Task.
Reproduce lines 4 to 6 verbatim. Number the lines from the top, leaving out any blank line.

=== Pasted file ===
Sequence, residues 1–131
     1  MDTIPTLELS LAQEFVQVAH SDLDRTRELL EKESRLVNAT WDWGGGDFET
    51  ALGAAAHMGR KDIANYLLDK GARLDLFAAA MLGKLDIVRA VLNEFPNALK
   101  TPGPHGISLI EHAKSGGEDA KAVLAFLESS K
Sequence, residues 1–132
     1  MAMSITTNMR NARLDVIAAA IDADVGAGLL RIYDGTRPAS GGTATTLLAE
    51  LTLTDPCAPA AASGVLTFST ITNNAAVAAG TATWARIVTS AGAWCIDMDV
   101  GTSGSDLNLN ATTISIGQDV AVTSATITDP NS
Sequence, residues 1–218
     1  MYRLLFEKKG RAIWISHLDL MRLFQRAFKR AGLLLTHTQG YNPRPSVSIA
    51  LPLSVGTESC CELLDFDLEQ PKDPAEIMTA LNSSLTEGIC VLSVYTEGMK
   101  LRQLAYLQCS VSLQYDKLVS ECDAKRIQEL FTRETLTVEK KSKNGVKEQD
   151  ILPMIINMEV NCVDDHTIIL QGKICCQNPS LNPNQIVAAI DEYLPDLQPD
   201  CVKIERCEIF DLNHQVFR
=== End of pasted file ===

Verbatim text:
   101  TPGPHGISLI EHAKSGGEDA KAVLAFLESS K
Sequence, residues 1–132
     1  MAMSITTNMR NARLDVIAAA IDADVGAGLL RIYDGTRPAS GGTATTLLAE